Chopin's major themes revolved around: a woman's role in society, marriage, and woman's sexual nature and growing independence. (Davis 52) These topics were almost unheard of, for they we reconsidered very wrong, '... [violating] several nineteenth century principles of womanly literature decorum.' (Davis 60) As stated earlier, Chopin wanted to be independent, something for women at that time. Her desire for independence was portrayed in The Awakening, by the novel's main character Edna Pon tellier. The Awakening takes place at Grand Isle, not far from New Orleans. EdnaPontellier is a woman who becomes very unhappy with her life.

She finds herself in a marriage that is not out of love, but something expected of her. She has two children, whom she loves, but at the same time feels burdened by. As time goes on she grows more and more unhappy. Soon Edna begins to fall in love with another man, Robert Lebrun. Robert, becoming frightened by his feelings for Edna, leaves to live in Mexico, trying to forget Edna.

While Robert is gone, Edna becomes more and more independent. She refuses to do anything, even activities that she used to do without objection, such as sleeping in the same bed as her husband. She also neglects her children, and her duties as a wife and woman of the community. Robert eventually returns from Mexico, unable to stay away any longer, but his return is short lived. Robert leaves once again, realizing that what they are doing could never work because Edna is married with kids.

Edna unable to bear the pain any longer, returns to Grand Isle, where she and Robert first fell in love with one another. Edna undresses herself and swims out as far as she can and drowns herself, leaving behind her husband and children. All of Chopin's major themes are present in The Awakening. Edna's marriage to Leone is a major factor of the story, because her marriage keeps her from being able to following her true feelings for Robert, the man she was really in love with. Edna's role in society is also questioned.

The women of her time and class were expected to be very domestic, taking care of the children and socializing with the other women of the community meeting weekly. Edna breaks the tradition, by going out on Tuesdays, the day when all the women come to visit her, to walk around the city alone. Edna also takes up art, doing sketches and drawings, not a very popular activity for women. The biggest shocker in the book, which may be why it received such bad criticism, is the fact that despite Edna's marriages he fantasizes about being with another man, and then acts on it. Edna's actions illustrate a woman's sexual nature a swell as her independence. Many of Edna's actions reflect the feelings of Kate Chopin.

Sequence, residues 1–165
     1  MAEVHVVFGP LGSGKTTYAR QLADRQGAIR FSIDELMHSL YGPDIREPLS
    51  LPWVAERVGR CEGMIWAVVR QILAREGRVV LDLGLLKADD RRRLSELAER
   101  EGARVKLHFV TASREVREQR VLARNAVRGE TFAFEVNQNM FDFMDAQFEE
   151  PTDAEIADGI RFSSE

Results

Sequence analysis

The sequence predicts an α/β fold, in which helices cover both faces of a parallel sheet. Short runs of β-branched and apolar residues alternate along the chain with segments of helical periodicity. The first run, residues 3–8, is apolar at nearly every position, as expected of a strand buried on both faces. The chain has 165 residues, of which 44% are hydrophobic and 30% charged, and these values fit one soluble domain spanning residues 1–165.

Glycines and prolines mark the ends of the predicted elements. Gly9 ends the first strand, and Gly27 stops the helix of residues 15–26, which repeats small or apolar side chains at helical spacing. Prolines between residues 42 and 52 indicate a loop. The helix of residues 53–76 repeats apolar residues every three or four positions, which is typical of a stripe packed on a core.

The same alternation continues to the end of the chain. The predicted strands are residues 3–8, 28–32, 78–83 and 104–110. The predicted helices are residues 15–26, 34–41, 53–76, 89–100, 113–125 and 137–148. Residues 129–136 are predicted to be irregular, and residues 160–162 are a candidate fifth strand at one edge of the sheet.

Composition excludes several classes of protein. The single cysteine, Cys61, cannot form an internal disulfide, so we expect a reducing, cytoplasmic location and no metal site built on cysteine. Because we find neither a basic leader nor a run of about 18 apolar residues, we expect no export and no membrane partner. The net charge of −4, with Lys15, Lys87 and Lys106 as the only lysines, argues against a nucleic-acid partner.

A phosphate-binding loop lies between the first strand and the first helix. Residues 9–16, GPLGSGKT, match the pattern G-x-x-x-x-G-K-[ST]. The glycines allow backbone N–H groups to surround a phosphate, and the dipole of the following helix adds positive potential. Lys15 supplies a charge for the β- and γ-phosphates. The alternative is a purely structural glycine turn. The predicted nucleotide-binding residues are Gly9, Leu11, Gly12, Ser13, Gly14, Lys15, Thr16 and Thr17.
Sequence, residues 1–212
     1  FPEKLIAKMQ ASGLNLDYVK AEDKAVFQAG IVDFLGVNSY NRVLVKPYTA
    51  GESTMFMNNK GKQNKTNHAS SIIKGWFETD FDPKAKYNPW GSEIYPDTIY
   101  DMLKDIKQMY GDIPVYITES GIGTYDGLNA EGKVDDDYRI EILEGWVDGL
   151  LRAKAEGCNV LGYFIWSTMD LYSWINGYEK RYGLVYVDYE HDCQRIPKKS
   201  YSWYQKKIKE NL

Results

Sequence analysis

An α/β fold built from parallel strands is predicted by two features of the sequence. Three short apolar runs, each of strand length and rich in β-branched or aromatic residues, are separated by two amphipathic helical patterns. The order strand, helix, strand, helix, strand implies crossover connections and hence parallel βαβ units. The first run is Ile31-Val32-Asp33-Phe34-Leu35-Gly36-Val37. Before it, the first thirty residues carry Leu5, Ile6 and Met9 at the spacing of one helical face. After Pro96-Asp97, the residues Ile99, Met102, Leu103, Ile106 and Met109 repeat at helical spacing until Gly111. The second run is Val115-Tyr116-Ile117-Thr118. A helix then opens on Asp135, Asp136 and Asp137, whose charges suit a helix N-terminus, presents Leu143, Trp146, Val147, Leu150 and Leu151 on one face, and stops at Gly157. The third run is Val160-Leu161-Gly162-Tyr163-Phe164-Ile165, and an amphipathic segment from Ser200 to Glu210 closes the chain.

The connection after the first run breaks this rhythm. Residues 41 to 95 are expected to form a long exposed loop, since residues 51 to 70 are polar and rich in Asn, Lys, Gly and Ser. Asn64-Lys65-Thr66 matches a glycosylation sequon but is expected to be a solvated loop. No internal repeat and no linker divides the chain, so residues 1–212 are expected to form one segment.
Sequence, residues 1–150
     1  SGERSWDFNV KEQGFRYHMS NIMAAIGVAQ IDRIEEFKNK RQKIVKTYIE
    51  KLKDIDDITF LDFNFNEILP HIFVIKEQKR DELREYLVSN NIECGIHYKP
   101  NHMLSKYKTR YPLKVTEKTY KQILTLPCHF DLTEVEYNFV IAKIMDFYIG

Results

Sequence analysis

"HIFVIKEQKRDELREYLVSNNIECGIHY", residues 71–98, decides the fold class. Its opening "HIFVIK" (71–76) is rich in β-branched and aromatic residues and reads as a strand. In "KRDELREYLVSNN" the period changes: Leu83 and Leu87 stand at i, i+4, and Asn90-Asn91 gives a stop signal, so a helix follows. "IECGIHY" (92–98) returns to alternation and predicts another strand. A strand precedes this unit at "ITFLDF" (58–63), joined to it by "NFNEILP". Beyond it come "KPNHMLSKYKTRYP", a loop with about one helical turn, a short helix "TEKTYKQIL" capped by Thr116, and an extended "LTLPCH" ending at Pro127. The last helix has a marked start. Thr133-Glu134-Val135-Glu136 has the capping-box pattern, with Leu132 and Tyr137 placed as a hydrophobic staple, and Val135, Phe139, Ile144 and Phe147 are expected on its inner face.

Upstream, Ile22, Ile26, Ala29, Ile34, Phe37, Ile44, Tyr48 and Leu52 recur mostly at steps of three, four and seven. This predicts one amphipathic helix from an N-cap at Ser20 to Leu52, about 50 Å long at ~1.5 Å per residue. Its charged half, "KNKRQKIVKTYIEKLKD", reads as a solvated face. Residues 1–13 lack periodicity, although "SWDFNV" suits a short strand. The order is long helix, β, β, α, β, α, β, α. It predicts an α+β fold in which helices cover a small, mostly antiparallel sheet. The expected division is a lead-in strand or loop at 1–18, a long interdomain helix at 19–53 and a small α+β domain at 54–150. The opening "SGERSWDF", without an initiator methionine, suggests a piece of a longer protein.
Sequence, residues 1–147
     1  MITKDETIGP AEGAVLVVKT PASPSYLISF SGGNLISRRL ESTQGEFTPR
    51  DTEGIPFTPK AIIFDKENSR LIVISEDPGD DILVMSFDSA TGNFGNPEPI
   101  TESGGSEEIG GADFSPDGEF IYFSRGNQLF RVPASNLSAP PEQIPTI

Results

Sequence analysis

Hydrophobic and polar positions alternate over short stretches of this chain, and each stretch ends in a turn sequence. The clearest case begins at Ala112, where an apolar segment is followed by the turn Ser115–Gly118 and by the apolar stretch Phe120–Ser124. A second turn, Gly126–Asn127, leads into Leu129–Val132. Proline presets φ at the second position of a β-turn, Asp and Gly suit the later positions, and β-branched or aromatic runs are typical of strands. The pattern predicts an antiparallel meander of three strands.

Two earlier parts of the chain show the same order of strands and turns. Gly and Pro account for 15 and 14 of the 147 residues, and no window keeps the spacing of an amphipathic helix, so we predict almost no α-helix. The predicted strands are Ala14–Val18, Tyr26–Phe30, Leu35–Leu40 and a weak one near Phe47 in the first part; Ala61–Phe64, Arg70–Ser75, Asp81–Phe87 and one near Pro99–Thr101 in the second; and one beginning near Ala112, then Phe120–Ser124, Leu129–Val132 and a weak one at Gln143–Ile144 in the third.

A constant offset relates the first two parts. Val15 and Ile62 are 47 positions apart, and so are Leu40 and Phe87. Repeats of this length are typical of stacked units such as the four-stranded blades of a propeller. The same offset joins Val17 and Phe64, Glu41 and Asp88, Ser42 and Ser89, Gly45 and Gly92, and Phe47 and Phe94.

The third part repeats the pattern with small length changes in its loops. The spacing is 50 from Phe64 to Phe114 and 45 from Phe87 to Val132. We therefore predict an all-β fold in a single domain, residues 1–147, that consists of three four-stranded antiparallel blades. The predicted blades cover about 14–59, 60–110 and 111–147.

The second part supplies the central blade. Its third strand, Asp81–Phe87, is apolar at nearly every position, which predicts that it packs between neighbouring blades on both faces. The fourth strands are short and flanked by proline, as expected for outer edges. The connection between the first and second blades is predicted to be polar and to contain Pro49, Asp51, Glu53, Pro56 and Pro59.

When Chopin writes that Edna walks alone in the city, it can be said that Edna's actions are influenced by Chopin, who is also walked alone in the city and acted very independently. Although Chopin's real life did not go as far as Edna's, it can almost be assumed that Kate Chopin lived the way she really wanted to through Edna. Kate Chopin was not a very successful writer during her lifetime, receiving no awards or special recognition. Kate Chopin wrote ahead of her time. Her contemporary writing style, although it can be appreciated now, ruined her writing career, depriving her of the recognition that she deserved during her lifetime. Works Cited Davis, Sara de Saussure.

Concise Dictionary of American Literary Biography. Detroit: Gale Research Inc. , 1988. Springer, Marlene. American Writers. New York: Charles Scribner's Sons, 1979.

'The Age of Realism.' World Book Encyclopedia. CD-ROM. World Book Inc. 1997. Trosky, Susan M. Contemporary Authors.

Vol. 122. Kansas City, Missouri: Gale Research Company, 1988.